TOcrisscrossing Los Angeles, there are thousands of dogs in need of homes, waiting to be adopted at animal shelters run by local governments and nonprofit rescue organizations, including those that are breed-based.
Which means that the path to becoming a dog parent can require dozens of options and many factors to consider. And, as we heard from an LAist reader who asked for advice on ethical dog adoption in Los Angeles, it can be overwhelming.
We created this guide for you and any other Southern Californian looking to add a furry companion to your home.
Why dogs end up in shelters and rescues
Although most shelter dogs arrive as strays, there are also hundreds of dogs that owners turn over to shelters and rescues each month.
Many of the organizations we spoke to said the No. 1 factor driving people to give up their dogs is financial: Owners simply can’t cover costs like food and medical bills. The end of Los Angeles’ COVID eviction protection is also affecting renters with pets. We’ve collected resources for dog (and pet) owners to help them care for their beloved animals at the bottom of this article.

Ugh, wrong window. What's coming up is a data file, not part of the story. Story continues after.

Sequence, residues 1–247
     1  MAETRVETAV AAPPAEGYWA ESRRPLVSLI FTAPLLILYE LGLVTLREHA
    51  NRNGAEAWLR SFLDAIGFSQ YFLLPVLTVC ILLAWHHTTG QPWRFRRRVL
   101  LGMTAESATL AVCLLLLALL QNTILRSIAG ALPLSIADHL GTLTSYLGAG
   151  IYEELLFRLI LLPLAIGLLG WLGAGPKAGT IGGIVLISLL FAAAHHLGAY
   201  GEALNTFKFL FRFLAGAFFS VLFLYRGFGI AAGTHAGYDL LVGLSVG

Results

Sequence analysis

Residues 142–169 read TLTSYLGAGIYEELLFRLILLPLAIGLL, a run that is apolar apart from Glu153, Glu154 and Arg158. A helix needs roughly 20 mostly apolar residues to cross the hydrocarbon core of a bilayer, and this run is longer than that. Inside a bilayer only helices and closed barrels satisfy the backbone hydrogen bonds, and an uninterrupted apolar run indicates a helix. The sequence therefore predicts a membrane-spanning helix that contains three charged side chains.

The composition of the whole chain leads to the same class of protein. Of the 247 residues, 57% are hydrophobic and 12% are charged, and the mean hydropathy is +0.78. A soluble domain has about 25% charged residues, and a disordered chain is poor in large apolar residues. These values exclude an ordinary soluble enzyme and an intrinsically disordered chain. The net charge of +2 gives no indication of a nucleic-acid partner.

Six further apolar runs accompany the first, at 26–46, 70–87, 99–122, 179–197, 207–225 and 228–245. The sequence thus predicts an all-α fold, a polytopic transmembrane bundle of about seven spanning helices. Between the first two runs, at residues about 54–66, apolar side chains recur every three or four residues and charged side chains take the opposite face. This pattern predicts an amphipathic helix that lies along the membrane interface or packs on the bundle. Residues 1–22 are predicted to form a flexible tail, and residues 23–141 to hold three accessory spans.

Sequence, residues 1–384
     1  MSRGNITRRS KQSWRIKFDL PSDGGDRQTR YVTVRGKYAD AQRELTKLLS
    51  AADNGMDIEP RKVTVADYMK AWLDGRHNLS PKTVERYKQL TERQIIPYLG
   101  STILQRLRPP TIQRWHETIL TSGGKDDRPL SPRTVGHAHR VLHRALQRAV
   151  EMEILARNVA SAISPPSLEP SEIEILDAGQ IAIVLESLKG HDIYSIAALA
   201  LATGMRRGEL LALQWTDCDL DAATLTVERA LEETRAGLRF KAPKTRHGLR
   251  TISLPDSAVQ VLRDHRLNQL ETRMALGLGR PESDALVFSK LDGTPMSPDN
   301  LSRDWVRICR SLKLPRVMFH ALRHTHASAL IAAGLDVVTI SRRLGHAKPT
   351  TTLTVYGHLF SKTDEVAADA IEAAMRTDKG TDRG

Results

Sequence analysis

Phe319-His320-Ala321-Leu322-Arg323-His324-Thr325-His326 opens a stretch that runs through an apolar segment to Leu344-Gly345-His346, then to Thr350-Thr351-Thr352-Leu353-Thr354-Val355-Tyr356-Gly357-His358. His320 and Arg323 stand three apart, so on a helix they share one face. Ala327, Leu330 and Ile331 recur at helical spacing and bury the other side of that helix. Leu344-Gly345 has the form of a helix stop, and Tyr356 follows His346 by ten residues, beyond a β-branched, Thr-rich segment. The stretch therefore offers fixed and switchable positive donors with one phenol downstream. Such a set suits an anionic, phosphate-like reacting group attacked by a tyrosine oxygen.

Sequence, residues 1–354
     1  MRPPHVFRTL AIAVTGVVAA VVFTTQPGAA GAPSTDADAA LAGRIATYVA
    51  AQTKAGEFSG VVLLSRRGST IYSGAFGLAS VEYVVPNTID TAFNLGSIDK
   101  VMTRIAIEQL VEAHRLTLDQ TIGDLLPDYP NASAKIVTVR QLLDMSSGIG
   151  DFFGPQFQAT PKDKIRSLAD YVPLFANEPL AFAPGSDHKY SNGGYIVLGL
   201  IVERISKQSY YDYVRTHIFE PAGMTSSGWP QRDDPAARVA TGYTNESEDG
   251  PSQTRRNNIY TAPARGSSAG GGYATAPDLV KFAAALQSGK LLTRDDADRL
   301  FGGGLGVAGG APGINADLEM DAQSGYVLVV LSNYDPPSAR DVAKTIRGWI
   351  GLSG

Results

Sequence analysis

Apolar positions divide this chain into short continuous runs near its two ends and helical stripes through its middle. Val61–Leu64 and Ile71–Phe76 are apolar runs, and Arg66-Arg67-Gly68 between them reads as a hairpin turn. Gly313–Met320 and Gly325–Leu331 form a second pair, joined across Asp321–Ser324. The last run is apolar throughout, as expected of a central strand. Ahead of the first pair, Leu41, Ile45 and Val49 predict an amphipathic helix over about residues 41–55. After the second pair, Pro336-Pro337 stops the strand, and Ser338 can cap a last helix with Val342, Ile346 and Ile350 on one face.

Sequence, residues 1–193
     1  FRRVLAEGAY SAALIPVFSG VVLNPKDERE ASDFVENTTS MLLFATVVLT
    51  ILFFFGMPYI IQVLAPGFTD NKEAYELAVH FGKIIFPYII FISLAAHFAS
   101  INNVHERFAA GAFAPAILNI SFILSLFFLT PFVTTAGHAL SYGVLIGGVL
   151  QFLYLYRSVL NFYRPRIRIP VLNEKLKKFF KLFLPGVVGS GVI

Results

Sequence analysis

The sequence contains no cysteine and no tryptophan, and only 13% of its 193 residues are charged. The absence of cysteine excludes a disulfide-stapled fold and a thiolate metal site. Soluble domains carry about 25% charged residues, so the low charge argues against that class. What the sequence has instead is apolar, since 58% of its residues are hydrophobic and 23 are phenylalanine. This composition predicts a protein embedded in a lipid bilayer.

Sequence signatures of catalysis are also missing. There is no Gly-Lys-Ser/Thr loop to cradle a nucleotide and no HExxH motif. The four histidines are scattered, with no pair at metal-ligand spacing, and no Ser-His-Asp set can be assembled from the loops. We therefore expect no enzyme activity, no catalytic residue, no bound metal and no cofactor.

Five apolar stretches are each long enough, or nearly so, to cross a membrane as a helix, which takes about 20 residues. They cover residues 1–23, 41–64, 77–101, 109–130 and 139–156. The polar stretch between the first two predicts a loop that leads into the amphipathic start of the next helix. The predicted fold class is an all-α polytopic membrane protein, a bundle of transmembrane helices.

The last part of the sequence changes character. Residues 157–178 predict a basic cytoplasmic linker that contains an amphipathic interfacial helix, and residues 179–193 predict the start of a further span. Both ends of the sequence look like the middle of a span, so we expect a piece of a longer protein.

Who we spoke to for this piece:
- Marcia Mayeda, director of the Los Angeles County Department of Animal Care and Control
- Leah Cohen, communications director for the Los Angeles County Department of Animal Care and Control
- Kevin McManus, manager of communications and public relations for Pasadena Humane
- Bob Cheslow, volunteer and board member of Westside German Shepherd Rescue
- Chloe Lawrence, director of Dogs Without Borders
- Gabriel Fierro, sergeant at the Carson Animal Care Center of Los Angeles County
Note: The fees, adoption process times, and requirements listed in this story are based on the organizations and agencies we spoke with to create this guide. We offer them as estimates to help you evaluate your options.
What is ethical dog adoption?